Stout Cake with Irish Whiskey Ganache and Bailey’s Buttercream


Anyone who’s survived their 20’s and went through any sort of bar hopping, party phase knows that there are plenty of drinks out there with some pretty wacky names and there are plenty of drinks with names that are down right offensive to some people. Names that despite the tastiness of the beverage, they would never bring themselves to utter the words to even order the drink. I won’t elaborate but there are some dirty dirty names out there for sure. The Irish Car Bomb is one of those drinks that either you love or you absolutely hate and that partially has to do with the name.

Rumored to have been created in Connecticut by Charles Oats, the drink gets its name from its Irish components and the common form of Irish domestic terrorism by the IRA (Irish Republican Army) during “The Troubles.” Which, if you’re not familiar with Irish history, was a very long period of conflict in Northern Ireland lasting from the late 1960’s until the Belfast Agreement in the late 1990’s. So understandably, the name enrages the Irish but if you say “Irish Car Bomb” I don’t think most people immediately think of the car bombs that caused such death and destruction in Northern Ireland but instead they think of a drink. I realize that’s a generalization and certainly there are plenty of people who are very offended by the name. That being said, it is definitely not my intention to offend anyone but to refer to a well-known beverage because the simplest, easiest way to describe the flavor of this cake is to call it what it is. A cake that tastes exactly like an Irish Car Bomb.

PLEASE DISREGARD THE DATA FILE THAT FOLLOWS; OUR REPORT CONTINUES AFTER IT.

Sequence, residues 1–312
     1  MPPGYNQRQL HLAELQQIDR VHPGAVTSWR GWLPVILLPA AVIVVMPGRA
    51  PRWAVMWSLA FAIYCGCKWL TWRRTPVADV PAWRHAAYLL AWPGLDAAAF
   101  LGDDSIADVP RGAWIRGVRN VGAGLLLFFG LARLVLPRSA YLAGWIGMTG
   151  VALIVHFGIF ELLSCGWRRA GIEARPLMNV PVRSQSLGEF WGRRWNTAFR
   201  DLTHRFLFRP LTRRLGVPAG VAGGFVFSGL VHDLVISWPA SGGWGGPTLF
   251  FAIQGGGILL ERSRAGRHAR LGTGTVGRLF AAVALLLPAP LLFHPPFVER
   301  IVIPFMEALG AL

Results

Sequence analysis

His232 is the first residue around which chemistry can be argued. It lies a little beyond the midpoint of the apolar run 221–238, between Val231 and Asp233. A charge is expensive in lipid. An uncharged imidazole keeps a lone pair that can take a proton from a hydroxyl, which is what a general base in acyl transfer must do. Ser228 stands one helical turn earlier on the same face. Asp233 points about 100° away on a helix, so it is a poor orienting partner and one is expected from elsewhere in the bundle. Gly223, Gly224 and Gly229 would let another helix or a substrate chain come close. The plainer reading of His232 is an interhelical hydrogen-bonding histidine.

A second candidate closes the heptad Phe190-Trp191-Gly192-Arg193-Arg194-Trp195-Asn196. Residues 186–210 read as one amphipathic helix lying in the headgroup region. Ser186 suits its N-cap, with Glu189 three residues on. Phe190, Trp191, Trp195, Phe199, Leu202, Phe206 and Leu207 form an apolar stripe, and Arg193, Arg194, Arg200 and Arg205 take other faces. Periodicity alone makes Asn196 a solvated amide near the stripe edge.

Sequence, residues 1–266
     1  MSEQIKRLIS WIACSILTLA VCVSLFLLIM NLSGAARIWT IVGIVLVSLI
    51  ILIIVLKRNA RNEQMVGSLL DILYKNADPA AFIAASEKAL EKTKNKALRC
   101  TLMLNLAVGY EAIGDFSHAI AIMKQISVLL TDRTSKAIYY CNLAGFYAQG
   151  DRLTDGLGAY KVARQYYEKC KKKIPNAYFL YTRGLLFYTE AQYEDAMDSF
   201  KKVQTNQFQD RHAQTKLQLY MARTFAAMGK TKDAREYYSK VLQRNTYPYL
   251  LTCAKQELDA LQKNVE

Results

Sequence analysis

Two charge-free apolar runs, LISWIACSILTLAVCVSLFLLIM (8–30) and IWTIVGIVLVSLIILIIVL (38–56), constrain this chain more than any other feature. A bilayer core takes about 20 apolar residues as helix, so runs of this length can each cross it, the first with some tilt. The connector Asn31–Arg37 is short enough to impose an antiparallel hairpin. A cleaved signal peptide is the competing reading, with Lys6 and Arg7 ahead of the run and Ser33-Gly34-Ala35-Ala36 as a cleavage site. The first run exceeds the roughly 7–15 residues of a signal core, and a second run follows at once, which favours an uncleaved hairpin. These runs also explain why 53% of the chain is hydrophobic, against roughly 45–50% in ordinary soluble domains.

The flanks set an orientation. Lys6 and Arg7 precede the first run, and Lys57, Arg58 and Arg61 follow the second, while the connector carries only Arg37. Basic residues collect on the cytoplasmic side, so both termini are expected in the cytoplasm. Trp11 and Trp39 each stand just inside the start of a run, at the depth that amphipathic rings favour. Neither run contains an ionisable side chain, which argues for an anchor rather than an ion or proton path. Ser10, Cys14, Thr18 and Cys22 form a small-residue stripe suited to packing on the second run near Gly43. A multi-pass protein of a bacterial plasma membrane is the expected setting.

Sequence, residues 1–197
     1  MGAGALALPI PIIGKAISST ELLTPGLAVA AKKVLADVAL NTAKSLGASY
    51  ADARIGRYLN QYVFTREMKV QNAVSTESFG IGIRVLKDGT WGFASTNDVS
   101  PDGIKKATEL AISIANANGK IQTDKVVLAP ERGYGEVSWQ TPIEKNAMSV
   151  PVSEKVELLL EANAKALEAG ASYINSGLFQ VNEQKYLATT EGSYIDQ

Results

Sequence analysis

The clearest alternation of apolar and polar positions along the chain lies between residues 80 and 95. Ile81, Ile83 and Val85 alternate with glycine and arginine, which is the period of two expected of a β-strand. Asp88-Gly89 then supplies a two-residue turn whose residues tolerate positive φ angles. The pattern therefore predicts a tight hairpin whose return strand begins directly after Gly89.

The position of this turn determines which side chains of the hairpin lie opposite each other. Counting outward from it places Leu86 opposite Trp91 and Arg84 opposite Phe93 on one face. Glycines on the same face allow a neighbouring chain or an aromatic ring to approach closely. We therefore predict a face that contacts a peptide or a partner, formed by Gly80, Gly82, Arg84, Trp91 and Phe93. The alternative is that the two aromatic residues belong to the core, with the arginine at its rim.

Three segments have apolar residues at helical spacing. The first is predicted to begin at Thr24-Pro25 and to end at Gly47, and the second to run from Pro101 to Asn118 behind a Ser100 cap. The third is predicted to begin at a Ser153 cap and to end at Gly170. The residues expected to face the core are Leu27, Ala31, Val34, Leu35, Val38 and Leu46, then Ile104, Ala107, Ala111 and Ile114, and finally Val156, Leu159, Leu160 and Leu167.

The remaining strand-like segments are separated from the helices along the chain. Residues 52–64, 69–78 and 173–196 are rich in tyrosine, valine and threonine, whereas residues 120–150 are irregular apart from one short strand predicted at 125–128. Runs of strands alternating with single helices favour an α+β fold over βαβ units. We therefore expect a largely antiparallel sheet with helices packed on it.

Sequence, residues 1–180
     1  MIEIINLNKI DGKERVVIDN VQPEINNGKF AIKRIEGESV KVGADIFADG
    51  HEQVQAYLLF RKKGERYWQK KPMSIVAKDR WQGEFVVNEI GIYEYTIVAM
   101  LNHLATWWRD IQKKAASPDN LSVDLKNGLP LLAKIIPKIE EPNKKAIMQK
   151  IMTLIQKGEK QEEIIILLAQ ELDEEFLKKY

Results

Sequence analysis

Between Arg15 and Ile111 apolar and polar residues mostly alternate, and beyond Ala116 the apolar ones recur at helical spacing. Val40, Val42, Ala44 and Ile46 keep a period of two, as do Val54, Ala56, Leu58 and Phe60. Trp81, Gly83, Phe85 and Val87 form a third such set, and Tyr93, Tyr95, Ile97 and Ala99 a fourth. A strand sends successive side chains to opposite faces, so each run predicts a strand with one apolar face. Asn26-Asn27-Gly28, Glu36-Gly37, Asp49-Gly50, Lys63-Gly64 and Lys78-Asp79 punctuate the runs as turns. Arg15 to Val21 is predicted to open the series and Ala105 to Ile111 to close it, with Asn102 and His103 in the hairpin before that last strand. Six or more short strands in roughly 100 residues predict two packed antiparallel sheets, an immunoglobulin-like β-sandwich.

If you aren’t familiar with the drink, it’s made by filling a shot glass half full of Bailey’s Irish Cream, then floating Jameson Irish whiskey on top. Next, the shot glass is dropped into a 3/4 full glass of Guinness. Now for the fun part…  You need to chug that sucker down quick before the foam overflows and whole thing curdles. If you do it right, this is one tasty drink! It’s smooth and almost tastes like a milkshake.

This cake definitely captures these flavors. You don’t actually taste the beer in the cake but it seems to enhance the flavor of the chocolate. But you definitely taste the booze in the filling and the frosting so consider yourself warned! Although I do include the non-alcoholic versions of both the ganache and icing if you don’t want to imbibe or you can always back it down to suit your tastes. Boozy or not, this cake is incredibly delicious and deeply chocolate.

Enjoy!

~K


Stout Cake with Irish Whiskey Ganache and Bailey’s Buttercream 

Cake:

1 cup stout (such as Guinness)
1 cup (2 sticks) unsalted butter
3/4 cup unsweetened cocoa powder (preferably Dutch-process)
2 cups all-purpose flour
2 cups sugar
1 1/2 teaspoons baking soda
3/4 teaspoon salt
2 large eggs
2/3 cup sour cream

Ganache:

8 ounces bittersweet chocolate
2/3 cup heavy cream
2 tablespoons butter, room temperature

1 to 2 teaspoons Irish whiskey (optional)

Buttercream:

5 oz egg whites
5 oz sugar
1/4 tsp salt
the scrapings from 1 vanilla bean
1 pounds unsalted butter, cut into 2” chunks, room temperature

3 Tablespoons Bailey’s Irish Cream (optional)

Make the cake: 

–  Preheat oven to 350°F. Prepare two 8″ cake pans with parchment circles on the bottom.

– Bring 1 cup stout and 1 cup butter to simmer in heavy large saucepan over medium heat. Add cocoa powder and whisk until mixture is smooth. Cool slightly.

– Whisk flour, sugar, baking soda, and 3/4 teaspoon salt in a large bowl to blend. Using an electric mixer, beat eggs and sour cream in another large bowl to blend.

– Add  the stout-chocolate mixture to egg mixture and beat just to combine. Add flour mixture and beat briefly on slow speed. Using a rubber spatula, fold batter until completely combined. Divide batter evenly among the two cake pans. Bake the cake for 20 minutes then reduce oven temperature to 300 degrees and bake until tester inserted into center comes out clean, about 10 minutes longer. Cool cakes on a rack completely.

Make the ganache: